"I believe that there’s also a certain form of abstraction in my early landscapes: for example, I often show human figures from behind and thus the landscape as observed “through” a second lens." — Andreas Gursky
Whether the current triumphs of young photographers are more the result of the demise of painting, a hunger for realistic imagery, or a variant of the proliferating "overdesign" of life and art, is something only time will tell. What we can say is that photographers no longer lack self-confidence, and that their gigantic glossy formats are stealing the show from contemporary painting. In retrospect, images by Albert Renger-Patzsch or Henri Cartier-Bresson look like miniatures. These masters refused to be called artists. Gursky, in contrast, would feel insulted if one referred to him as a photographer, in the craft sense. Like the German photographers Axel Hütte, Jörg Sasse, Thomas Struth, Candida Höfer, and Thomas Ruff, Gursky was a student of the Bechers.
Gursky's works are visual symphonies, obsessively packed with detail of a trompe l'cil precision. Like Albrecht Altdorfer's monumental painting Alexander's Victory, each of his subjects is expanded into a spatially all-encompassing universal landscape. His Tour de France I (2007) shows an Alpine stage that effortlessly covers two vertical kilometers in altitude. An asparagus field in Beelitz (2007), seen in a bird's-eye view, rises into a linear pattern that recalls the slats of a ventilation duct. The archipelago of Gursky's James Bond Island seems to consist of all the islands in Micronesia.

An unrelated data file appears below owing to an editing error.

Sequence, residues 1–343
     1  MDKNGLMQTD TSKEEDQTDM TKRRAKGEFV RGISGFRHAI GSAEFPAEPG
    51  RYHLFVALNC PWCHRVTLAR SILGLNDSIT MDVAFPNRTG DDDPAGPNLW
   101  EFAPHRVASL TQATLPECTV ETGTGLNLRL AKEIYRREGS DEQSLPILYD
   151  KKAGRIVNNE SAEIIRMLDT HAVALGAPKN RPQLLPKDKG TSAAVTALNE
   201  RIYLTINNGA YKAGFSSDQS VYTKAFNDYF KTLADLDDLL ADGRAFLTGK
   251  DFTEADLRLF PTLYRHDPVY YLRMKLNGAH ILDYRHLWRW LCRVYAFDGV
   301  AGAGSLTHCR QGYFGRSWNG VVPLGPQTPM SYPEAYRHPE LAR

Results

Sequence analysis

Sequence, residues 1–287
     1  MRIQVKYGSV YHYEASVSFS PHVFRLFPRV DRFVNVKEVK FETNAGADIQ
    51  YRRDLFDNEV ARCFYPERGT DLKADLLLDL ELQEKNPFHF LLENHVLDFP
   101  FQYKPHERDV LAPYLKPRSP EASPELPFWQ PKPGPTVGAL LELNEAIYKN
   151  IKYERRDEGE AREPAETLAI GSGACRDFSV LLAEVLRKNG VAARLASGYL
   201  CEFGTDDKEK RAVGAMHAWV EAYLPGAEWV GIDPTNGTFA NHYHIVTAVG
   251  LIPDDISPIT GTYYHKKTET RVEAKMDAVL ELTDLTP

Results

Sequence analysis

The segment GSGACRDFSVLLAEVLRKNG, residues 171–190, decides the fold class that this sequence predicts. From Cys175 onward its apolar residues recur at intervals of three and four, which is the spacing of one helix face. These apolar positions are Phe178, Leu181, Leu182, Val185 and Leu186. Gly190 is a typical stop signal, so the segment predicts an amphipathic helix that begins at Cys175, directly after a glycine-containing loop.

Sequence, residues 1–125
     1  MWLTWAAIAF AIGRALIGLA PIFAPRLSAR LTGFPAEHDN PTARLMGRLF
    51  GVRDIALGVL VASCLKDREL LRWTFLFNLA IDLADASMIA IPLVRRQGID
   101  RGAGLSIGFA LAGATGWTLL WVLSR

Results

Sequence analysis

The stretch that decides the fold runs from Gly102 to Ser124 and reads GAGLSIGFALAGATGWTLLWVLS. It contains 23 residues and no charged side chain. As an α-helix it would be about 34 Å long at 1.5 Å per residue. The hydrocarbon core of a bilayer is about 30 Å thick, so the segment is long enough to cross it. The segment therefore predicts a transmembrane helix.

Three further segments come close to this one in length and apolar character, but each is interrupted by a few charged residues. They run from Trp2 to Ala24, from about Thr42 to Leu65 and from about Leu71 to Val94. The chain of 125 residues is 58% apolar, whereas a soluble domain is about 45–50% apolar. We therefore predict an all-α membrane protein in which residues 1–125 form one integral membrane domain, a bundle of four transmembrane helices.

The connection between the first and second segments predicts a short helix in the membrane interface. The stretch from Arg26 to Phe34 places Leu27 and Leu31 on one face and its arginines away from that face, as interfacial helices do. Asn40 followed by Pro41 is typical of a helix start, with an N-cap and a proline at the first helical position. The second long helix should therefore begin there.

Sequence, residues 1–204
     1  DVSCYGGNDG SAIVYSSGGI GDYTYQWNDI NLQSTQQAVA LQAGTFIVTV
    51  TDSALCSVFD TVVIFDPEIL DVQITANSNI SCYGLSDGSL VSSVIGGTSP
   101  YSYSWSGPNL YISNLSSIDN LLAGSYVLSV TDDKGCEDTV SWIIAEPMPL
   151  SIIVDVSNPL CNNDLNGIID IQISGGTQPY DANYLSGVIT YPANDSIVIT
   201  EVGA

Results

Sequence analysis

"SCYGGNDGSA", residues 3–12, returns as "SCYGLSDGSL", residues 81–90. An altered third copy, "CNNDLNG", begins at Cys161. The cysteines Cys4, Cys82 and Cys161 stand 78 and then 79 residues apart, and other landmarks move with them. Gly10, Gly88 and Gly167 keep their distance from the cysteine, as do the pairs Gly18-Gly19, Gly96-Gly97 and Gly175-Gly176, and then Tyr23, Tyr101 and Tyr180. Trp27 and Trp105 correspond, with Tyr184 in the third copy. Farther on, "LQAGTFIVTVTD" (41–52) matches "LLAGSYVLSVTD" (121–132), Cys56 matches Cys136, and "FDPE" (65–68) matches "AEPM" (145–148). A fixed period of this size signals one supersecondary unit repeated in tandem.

Gursky’s images tempt us to search for the joints between the separate pictures of which they are composed and the hinges between their changes of perspective. His reproduction of modules of a motif present intriguing rebuses to the eye. The photographic illusions and cinematic effects are fascinating: mass scenes reminiscent of the movie Ben Hur (Pyongyang I, 2007), or human figures swarming like insects over megastructures å la Blade Runner (Klitschko, 1999; Madonna I, 2001). The stadiums, arenas, factories overflow with people. And then, in sharp contrast, are those images that veritably celebrate aseptic emptiness: Prada Il (1997), Schiphol (1994), or Supernova (1999), evoking outer space as the last exit for mankind. This division between puristic places of contemplation—Rhine Il (1999)— and orgies of global hypertension and mass entertainment—the Chicago stock exchange, the Berlin Love Parade, traffic chaos in Cairo—seems almost schizophrenic. Seen from a great distance, Gursky's crowds appear tame and manageable. Images of mass animal raising in the United States and Japan provide an ironic commentary.
Excerpt taken from 50 Photographers You Should Know by Peter Stepan